Some studies estimate that 83% of families are using disposable diapers. However nothing factual has been published in many years and many families do use both cloth and disposable depending on family needs.
Choose the type of diapers that best suit your objectives and priorities. Stock up those shelves with the right choice of diapers that fits your needs as obviously there are many diaper changes on the way once the new baby arrives.
Your comments are welcome.
As your third trimester rolls around and your due date gets closer and closer, you need to start thinking about packing your hospital bag for the birth of your baby. It is important that you do this early enough as it is possible that you may go into labor a few weeks before your actual due date. Here is a list of items that I came up with that you should pack in your hospital bag so that you are prepared to welcome your little one into the world.
Camera – You don’t want to miss having pictures of the big event. Also be sure to pack an extra set of batteries for your camera as they always seem to go dead at the most convenient times.
Clothes For You – Some hospitals allow you to wear your own clothing while others will only have you wear the gowns with a robe. Be sure to bring along comfortable clothing such as pajama pants, sweatpants, t-shirts, and sweatshirts, as you are not going to be wanting to wear any tight or restricting clothing. Don’t forget plenty of undergarments and socks as well. You will also need clothes to wear home when you are discharged from the hospital. You will still be in maternity clothes, so don’t try to bring your regular clothes as they may not fit and leave you frustrated.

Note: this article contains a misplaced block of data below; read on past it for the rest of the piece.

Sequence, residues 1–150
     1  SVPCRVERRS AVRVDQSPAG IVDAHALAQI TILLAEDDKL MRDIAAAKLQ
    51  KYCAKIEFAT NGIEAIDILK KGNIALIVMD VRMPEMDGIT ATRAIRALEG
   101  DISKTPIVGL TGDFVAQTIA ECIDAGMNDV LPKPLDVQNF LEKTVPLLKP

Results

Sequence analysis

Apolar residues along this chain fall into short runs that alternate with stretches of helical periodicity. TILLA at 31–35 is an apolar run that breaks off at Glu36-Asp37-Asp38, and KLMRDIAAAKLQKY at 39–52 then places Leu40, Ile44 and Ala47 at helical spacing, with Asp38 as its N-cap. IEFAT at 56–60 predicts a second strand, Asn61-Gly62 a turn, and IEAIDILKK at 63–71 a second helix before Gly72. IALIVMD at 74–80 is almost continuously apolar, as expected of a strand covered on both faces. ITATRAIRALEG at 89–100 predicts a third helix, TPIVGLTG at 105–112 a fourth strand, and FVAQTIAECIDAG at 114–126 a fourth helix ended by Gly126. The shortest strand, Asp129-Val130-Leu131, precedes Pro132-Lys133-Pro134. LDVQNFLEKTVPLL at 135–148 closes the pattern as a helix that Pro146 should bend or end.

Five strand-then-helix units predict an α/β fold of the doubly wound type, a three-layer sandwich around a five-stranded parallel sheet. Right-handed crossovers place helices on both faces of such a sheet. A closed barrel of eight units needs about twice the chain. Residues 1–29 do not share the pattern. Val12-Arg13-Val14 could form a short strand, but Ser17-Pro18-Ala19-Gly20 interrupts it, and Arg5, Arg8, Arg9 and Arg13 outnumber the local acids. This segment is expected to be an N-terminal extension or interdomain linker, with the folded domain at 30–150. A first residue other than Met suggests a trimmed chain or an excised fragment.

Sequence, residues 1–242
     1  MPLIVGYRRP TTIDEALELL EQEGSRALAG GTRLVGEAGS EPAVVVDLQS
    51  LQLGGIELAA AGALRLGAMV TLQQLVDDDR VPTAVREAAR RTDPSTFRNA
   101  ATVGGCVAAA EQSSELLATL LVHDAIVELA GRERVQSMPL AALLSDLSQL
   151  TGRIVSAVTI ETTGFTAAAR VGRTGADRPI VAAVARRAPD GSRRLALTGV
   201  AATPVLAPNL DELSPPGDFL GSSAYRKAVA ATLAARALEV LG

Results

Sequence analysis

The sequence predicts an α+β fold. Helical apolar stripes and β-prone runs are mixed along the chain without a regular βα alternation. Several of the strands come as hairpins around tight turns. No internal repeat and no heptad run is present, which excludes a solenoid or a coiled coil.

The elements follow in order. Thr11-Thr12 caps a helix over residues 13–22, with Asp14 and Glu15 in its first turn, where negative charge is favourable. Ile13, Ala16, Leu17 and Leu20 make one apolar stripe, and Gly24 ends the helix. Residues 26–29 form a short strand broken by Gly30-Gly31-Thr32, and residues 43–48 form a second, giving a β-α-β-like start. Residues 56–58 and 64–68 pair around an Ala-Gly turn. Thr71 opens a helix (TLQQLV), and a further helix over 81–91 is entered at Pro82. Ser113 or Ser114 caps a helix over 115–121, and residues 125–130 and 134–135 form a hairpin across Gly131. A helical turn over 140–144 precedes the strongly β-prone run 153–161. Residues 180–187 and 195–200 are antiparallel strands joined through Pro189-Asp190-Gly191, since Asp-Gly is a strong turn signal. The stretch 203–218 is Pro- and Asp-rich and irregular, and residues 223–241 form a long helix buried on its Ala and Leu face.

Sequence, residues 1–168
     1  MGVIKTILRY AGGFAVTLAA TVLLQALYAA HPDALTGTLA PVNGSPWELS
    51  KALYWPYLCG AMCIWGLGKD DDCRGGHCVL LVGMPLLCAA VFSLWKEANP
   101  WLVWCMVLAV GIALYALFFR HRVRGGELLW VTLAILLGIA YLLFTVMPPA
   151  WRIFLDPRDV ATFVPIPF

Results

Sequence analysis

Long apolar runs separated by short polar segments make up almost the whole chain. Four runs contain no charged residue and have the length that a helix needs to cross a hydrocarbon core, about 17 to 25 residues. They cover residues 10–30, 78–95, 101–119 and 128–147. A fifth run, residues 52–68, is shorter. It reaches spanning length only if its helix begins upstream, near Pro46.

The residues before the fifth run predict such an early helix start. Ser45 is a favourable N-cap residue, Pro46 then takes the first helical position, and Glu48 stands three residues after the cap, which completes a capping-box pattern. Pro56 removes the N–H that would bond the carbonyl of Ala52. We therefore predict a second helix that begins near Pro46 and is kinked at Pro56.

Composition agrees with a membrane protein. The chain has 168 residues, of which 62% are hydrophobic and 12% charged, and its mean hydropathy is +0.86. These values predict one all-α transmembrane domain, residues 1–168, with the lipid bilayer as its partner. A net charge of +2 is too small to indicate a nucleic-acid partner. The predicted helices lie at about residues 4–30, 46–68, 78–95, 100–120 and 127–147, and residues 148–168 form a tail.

Going Home Outfit For Baby – Choose a cute outfit or sleeper for baby to go home from the hospital in. It is a good idea to have a newborn size as well as 0-3 months size to choose from. If it cold outside, be sure to include a coat or blanket to cover baby up with.
Toiletries – After giving birth most women like to be able to shower to freshen up and get a little rejuvenated. Remember to bring shower supplies and other toiletries as well.
Snacks – You don’t want to have to rely on the hospital to provide you with food, especially since you get quite hungry after giving birth. Pack a few healthy snacks for you and your partner.
Car Seat – Although you can’t pack this in your bag it should be installed in the car and ready to go as a hospital will not release a baby unless you have a car seat.
Some other items to include in your bag are:
- address book
- cell phone
- insurance paperwork and cards
- change for vending machines
- hat for baby (if not provided by hospital)
- baby blanket
- cord blood kit
If you follow these tips you should be all set when it’s time to leave for the hospital. Maybe you have some other ideas to share. Feel free to leave your comments so that others readers can benefit .